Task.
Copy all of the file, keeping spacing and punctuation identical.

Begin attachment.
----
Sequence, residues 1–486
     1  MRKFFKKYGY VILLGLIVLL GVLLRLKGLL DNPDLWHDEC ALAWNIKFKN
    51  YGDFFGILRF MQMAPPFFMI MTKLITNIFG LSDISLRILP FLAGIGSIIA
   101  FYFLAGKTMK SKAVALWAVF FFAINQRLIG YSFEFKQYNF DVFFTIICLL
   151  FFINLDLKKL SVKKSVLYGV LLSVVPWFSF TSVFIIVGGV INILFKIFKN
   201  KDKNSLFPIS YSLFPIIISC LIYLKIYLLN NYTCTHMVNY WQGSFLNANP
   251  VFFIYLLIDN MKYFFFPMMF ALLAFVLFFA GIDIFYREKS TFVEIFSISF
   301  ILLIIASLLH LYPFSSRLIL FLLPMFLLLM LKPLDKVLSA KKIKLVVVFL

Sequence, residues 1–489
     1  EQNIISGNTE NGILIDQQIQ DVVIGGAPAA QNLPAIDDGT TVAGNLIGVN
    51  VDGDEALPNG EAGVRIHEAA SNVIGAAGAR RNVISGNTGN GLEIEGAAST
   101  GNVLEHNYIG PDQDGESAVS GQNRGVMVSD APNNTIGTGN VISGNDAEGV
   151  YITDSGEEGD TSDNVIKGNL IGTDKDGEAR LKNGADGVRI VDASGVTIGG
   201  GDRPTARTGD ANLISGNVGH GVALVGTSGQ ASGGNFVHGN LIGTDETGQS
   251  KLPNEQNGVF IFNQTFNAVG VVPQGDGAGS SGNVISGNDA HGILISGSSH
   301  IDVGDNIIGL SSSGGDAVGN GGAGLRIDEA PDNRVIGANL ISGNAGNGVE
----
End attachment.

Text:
Sequence, residues 1–486
     1  MRKFFKKYGY VILLGLIVLL GVLLRLKGLL DNPDLWHDEC ALAWNIKFKN
    51  YGDFFGILRF MQMAPPFFMI MTKLITNIFG LSDISLRILP FLAGIGSIIA
   101  FYFLAGKTMK SKAVALWAVF FFAINQRLIG YSFEFKQYNF DVFFTIICLL
   151  FFINLDLKKL SVKKSVLYGV LLSVVPWFSF TSVFIIVGGV INILFKIFKN
   201  KDKNSLFPIS YSLFPIIISC LIYLKIYLLN NYTCTHMVNY WQGSFLNANP
   251  VFFIYLLIDN MKYFFFPMMF ALLAFVLFFA GIDIFYREKS TFVEIFSISF
   301  ILLIIASLLH LYPFSSRLIL FLLPMFLLLM LKPLDKVLSA KKIKLVVVFL

Sequence, residues 1–489
     1  EQNIISGNTE NGILIDQQIQ DVVIGGAPAA QNLPAIDDGT TVAGNLIGVN
    51  VDGDEALPNG EAGVRIHEAA SNVIGAAGAR RNVISGNTGN GLEIEGAAST
   101  GNVLEHNYIG PDQDGESAVS GQNRGVMVSD APNNTIGTGN VISGNDAEGV
   151  YITDSGEEGD TSDNVIKGNL IGTDKDGEAR LKNGADGVRI VDASGVTIGG
   201  GDRPTARTGD ANLISGNVGH GVALVGTSGQ ASGGNFVHGN LIGTDETGQS
   251  KLPNEQNGVF IFNQTFNAVG VVPQGDGAGS SGNVISGNDA HGILISGSSH
   301  IDVGDNIIGL SSSGGDAVGN GGAGLRIDEA PDNRVIGANL ISGNAGNGVE